Michigan’s school choice is resulting in school segregation
For decades, research has been clear that the second most powerful driver of student achievement—behind parental income—is the socioeconomic status of a student’s school. Creating socioeconomically integrated schools should be a top priority of anyone looking to improve the performance of Michigan’s schools, which, by the way, need some improvement (as a quick example: we’re 41st in the nation in 3rd grade reading achievement).
And yet, recent research shows that Michigan’s school choice regime has exacerbated school segregation.
Comprehensive reporting by Bridge released two weeks ago paints a bleak picture of how schools have become more segregated over the last two decades. Particularly troubling is the rise of “majority-minority schools,” where non-white students are concentrated—and often so is poverty.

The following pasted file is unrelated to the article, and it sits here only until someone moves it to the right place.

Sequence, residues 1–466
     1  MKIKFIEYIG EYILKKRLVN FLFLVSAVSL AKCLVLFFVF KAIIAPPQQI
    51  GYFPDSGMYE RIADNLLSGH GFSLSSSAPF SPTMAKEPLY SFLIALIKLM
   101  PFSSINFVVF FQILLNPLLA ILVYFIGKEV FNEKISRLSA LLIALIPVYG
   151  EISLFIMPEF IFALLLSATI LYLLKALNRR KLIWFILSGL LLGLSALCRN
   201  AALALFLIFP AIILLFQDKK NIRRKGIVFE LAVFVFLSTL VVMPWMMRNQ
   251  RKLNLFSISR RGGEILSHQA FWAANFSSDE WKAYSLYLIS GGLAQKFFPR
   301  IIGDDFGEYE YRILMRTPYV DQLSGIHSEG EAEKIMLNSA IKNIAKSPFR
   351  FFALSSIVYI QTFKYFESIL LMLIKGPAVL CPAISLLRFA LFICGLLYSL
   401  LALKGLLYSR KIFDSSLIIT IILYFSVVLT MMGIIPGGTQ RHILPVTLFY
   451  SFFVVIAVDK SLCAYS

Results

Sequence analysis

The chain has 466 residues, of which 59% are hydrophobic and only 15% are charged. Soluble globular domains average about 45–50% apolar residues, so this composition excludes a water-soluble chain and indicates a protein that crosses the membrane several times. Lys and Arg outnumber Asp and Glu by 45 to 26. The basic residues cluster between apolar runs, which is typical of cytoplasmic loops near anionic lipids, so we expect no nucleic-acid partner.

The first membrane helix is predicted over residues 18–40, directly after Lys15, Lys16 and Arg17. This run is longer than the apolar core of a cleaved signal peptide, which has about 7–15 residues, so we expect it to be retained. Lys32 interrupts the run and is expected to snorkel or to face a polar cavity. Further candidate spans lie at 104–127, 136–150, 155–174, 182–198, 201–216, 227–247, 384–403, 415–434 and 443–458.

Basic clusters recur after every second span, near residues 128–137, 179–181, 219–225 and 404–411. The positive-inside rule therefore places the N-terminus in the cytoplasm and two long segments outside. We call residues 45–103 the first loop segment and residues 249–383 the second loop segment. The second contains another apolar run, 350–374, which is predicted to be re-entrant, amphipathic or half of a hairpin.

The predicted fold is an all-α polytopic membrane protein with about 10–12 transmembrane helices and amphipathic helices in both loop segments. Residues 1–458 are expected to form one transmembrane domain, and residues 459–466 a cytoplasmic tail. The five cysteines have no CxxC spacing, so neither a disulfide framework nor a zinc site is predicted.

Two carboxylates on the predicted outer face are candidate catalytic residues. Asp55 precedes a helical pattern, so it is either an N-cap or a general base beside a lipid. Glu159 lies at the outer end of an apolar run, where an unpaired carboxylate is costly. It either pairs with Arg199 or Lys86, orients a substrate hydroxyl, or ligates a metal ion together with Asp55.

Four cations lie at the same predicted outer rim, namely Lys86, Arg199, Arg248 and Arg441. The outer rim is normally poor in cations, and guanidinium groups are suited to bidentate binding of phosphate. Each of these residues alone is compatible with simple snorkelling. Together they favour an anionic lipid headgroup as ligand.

Researchers from Wayne State, looking at Census and school enrollment data, found that:
10 school districts that took in the highest number of Detroit students since school choice began saw hundreds of local students leave their districts. And those who left moved to schools with a higher percentage of white students.
The phenomenon that appears to be happening is this: White students who live in diverse communities are using school choice to move to whiter school districts. In schools in diverse communities where the black student population is growing (due to black families from neighboring districts using school choice), white students are also leaving for whiter districts. Schools that are majority-minority are the most likely to have a demographic mismatch with their community—the white students who live there are more likely to be attending school elsewhere.
Michigan continues to struggle with its transition to the 21st century economy, where economic growth follows the presence of college-degree holders. If we do not figure out how to prepare our own kids for the future—and the only way we can do this sufficiently is by educating them to be ready for college—as a state, we will flounder. (Bonus: it’s the ethical thing to do!)
In the future, we at MFI intend to examine and share research that examines whether charters and school choice can, instead of fostering segregation, create integrated schools. For now, it is clear that Michigan’s current system does not.